On Tuesday evening, student members of the University’s queer community gathered at the top of Allbritton for a Queer Community Open Forum. Organized by juniors Paige Hutton, Elijah Jimenez, and José Luis Sánchez, the forum worked to bring to light issues within campus queer spaces, and to specifically address marginalized groups within the queer community.
“I feel like with a lot of the [queer] spaces [on campus], I don’t feel comfortable inhabiting them, because they are overwhelmingly white,” Jimenez said. “And when I go to those spaces I kind of have to cut off my entire black identity to assume this white gay male culture.”
Jimenez and Sánchez are both Queer Resource Interns, acting as facilitators and liaisons between different LGBTQ+-centered groups on campus. They, along with Hutton, wanted to expand their role by fostering a sense of activism within the community, and making more students aware of activist causes for queer and trans* rights.
“[The idea] came from a discussion with another student leader, where they thought there wasn’t anything left to do for the queer community, which is why it’s so dead now,” Sánchez said. “And that got me extremely furious, not at them personally, but at the fact that [the community feels] this way, and the fact that spaces on campus don’t feel safe, especially for queer students of color.”
Sánchez and Jimenez also brought up trans* and asexual students as examples of those who do not feel safe in the University spaces generally designated for queer people.
At the forum, Hutton, Jimenez, and Sánchez introduced themselves (along with Owen Christoph ’18, the house manager for Open House) before presenting to a room of several dozen students with questions on a projector including: “What have you heard about the Queer community at Wesleyan? What parts of your identity did you feel were not supported or were misrepresented? What events/resources do you think would be helpful to your experience here at Wesleyan?” Students broke off into small groups before coming back together for a larger discussion.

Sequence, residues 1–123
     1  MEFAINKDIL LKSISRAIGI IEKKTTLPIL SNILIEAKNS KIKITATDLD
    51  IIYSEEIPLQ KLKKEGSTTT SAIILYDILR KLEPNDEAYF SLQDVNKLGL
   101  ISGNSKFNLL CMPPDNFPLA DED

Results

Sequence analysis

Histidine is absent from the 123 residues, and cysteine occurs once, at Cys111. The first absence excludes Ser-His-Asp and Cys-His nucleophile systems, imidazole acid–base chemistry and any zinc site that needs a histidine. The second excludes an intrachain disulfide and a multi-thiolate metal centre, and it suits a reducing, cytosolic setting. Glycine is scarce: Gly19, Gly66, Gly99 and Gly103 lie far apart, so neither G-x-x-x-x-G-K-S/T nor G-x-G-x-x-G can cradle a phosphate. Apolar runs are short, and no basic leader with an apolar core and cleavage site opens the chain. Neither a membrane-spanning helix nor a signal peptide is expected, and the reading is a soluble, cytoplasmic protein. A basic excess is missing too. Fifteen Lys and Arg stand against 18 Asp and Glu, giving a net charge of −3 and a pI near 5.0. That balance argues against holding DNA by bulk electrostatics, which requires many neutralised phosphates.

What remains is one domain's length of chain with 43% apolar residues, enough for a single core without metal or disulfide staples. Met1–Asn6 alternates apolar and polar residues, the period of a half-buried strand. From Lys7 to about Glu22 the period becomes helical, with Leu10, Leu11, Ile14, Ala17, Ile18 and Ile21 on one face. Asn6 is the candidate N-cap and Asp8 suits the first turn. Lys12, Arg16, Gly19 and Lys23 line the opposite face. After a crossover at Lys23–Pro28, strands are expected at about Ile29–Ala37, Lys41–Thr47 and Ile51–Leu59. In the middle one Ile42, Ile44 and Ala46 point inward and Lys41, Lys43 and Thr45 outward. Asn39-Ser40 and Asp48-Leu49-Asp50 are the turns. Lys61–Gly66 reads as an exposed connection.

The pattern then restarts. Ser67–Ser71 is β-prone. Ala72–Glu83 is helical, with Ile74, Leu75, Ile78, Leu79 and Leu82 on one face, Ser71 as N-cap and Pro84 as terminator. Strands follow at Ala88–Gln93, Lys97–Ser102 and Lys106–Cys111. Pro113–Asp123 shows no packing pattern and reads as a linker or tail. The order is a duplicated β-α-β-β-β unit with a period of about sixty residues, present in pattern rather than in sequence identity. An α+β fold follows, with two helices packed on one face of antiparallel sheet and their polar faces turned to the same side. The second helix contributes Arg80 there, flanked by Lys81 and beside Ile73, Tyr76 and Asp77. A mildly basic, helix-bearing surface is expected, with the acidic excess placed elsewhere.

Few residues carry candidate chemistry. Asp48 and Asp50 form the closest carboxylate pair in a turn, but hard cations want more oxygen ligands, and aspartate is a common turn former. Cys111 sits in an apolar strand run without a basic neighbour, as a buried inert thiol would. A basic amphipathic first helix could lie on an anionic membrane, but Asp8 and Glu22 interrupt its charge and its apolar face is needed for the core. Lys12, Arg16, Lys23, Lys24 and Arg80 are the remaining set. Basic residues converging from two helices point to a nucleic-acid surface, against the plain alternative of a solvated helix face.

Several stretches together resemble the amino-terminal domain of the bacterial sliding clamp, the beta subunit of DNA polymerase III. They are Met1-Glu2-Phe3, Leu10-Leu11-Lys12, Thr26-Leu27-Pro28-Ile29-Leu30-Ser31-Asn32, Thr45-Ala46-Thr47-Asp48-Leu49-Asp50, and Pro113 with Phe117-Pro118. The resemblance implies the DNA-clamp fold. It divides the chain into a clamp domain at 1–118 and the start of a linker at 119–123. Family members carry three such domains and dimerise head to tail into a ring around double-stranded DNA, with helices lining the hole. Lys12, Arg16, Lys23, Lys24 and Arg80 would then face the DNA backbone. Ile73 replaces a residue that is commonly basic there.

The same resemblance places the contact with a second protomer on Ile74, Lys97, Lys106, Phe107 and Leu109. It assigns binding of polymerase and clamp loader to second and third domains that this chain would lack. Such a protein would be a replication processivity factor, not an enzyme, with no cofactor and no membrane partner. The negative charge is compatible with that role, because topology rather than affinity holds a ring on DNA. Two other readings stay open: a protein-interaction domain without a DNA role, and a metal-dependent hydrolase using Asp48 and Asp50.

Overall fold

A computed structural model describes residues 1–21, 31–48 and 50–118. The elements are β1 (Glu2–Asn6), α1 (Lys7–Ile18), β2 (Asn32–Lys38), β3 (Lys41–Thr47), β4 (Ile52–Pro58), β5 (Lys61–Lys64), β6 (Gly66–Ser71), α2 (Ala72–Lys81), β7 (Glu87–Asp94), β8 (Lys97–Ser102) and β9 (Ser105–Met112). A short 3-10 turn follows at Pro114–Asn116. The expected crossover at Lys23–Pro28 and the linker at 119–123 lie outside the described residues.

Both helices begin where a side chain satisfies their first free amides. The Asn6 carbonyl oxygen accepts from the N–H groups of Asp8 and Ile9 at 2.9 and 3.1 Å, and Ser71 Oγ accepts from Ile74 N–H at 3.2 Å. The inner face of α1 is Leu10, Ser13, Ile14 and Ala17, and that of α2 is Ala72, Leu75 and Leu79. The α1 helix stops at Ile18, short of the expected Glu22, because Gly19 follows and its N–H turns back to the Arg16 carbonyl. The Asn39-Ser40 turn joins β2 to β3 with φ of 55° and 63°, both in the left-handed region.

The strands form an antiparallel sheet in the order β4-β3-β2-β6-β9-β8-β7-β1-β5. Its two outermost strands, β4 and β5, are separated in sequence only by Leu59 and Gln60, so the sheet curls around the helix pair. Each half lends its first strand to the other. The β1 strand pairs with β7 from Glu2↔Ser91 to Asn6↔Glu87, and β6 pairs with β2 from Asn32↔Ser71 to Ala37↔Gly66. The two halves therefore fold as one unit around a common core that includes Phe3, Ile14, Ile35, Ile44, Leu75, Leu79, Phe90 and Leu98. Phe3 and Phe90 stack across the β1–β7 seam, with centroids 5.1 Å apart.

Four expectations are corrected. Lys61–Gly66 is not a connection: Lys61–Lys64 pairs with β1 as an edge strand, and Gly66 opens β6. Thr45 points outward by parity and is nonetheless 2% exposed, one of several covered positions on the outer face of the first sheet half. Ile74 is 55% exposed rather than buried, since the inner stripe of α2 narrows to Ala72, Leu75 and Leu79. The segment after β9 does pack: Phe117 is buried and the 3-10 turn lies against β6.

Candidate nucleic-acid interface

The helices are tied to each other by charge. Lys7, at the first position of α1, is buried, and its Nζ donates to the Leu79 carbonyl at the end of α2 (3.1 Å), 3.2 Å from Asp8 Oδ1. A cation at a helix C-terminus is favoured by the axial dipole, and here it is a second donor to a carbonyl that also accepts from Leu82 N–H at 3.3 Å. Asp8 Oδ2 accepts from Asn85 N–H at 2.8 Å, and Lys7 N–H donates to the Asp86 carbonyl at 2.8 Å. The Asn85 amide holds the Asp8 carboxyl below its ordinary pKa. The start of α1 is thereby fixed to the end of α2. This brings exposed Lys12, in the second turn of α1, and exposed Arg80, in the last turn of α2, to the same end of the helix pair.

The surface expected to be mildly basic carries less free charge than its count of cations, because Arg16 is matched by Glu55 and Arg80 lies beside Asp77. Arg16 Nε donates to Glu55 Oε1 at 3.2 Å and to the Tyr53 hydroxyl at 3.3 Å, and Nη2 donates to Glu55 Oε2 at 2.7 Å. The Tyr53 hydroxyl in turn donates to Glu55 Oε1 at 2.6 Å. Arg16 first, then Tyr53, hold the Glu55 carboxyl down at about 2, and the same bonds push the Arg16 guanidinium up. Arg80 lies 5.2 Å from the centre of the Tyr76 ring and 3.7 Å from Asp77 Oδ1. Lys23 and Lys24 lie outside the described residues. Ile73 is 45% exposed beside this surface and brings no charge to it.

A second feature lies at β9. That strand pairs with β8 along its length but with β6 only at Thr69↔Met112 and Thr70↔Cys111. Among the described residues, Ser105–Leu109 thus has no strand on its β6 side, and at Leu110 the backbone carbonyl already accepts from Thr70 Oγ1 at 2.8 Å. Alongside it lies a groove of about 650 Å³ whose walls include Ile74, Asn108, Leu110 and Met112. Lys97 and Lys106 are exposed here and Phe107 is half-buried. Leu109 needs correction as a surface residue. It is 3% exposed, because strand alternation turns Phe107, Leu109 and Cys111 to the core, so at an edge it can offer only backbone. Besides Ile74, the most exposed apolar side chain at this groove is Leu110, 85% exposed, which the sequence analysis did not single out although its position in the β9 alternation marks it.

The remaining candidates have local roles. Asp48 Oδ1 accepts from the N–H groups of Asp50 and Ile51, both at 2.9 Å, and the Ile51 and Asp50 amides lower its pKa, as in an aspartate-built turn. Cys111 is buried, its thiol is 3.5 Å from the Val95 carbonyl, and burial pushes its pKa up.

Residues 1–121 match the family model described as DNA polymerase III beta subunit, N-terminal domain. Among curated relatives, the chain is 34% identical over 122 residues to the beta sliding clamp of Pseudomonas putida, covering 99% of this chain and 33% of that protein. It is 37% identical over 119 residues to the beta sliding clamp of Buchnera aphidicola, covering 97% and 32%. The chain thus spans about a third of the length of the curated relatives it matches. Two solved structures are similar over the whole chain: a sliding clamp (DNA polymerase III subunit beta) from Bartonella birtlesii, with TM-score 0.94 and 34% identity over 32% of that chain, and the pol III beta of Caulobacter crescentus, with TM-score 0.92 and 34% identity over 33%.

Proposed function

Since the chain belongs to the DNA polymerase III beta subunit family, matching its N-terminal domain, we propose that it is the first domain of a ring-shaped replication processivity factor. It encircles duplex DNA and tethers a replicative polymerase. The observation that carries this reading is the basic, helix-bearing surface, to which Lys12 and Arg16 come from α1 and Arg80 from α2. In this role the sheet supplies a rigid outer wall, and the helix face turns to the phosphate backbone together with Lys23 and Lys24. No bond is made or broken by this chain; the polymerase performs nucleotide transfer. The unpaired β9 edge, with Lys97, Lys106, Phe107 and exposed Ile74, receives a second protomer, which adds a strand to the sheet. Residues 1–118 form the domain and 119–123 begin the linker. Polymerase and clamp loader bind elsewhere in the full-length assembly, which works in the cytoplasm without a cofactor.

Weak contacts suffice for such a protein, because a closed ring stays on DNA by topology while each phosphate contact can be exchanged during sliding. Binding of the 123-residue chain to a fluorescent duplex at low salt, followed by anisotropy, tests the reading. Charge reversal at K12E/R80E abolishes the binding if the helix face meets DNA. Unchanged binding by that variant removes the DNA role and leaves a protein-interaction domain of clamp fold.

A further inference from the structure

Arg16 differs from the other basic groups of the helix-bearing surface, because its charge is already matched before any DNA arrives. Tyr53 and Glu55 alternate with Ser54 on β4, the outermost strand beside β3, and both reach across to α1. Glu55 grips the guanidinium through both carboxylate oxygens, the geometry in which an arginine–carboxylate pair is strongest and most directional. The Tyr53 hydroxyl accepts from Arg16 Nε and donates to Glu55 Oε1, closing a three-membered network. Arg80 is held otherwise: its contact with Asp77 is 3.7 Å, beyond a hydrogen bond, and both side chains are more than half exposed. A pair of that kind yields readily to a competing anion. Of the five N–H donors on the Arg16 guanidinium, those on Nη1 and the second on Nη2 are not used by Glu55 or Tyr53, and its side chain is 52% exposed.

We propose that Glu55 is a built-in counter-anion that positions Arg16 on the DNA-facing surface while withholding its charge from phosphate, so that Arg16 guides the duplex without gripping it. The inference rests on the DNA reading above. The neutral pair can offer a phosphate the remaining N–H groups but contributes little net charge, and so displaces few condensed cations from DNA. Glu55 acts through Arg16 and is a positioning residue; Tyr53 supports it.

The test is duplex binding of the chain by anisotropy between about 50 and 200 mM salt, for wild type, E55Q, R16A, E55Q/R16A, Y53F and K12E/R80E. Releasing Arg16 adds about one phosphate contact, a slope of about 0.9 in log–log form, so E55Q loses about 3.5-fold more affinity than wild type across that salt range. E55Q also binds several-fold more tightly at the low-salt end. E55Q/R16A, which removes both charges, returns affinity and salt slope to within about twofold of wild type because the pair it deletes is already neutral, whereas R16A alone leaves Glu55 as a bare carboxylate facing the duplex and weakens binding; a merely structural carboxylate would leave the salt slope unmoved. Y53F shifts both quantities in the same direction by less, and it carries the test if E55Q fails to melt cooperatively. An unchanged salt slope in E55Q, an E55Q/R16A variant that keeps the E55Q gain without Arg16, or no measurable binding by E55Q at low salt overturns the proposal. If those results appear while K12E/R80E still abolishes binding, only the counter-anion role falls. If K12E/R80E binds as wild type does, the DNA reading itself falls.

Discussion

Several students expressed the desire for spaces on campus that catered towards particular intersectional identities (queer and POC, queer and mentally ill, etc.). Before the forum, Sánchez described the difficult balance of creating those spaces while also maintaining the larger LGBTQ+ community.
“Everyone wants to be together, and for certain issues, that’s really important, especially when everyone within the group is being represented,” he said. “But also…because people are not necessarily on the same page, and not saying they have to be, because everyone is allowed their own opinions, but at the same time, those opinions, or even those ideas, are oppressing other people within this campus, or even the world at large.”
Hutton added that perceptions of hook-up culture on campus complicate matters of queer identity.
“I feel that hook-up culture a lot is often very white and straight,” she said. “And even when there are queer party-type things, or queer people that people are talking about like, ‘I like them’…they’re striving to date this white queer cisgender person.”
Other students present at the forum echoed those sentiments. They stressed the necessity for separate activism and support groups on campus to differentiate the issues of individual queer students from the systematic problems facing the community at large. A few attendants, including Christoph, suggested daytime events and other ways for queer students to spend time together in a non-sexualized setting.
“I’m working on getting a screening of ‘Paris Is Burning’ at Open House,” Christoph said, referring to the 1990 documentary about queer/trans* communities of color involved in New York ball culture.
Other suggestions included dinners with queer faculty and arts-and-crafts-focused events, similar to Open House’s Queer Ice Cream Social and Collage-Making event hosted earlier this month. This weekend, the Queer Resource Interns plan on hosting a vigil, in collaboration with student identity groups Ujamaa and Ajua Campos, in remembrance of the Pulse nightclub shooting victims.
Many of those present at the forum were first-years, and Jimenez, looking back on his own experience as a first-year, hoped that the weight of expectations wouldn’t interfere with students enjoying their time at the University.
“[Do not] expect your experience, your college experience, to be the cisgender, heteronormative thing that is projected so often on TV and in the media,” he said. “I feel like that was something I had to come to terms with. My experience as a queer person on campus is not going to be [the same as] my friends who are heterosexual. It’s just not the same…. I think it’s good to know that that’s okay.”
Hutton emphasized the importance of individuals voicing their opinions within the community, regardless of class year, and being aware of more activism work that could be done to improve queer life on campus.
“Just expect more, ask for more,” she said. “Always interrogate what you’re thinking. If you’re thinking, ‘I’m done, everything’s great,’ think about that and why you’re thinking that, and how you can broaden your understanding of queer justice.”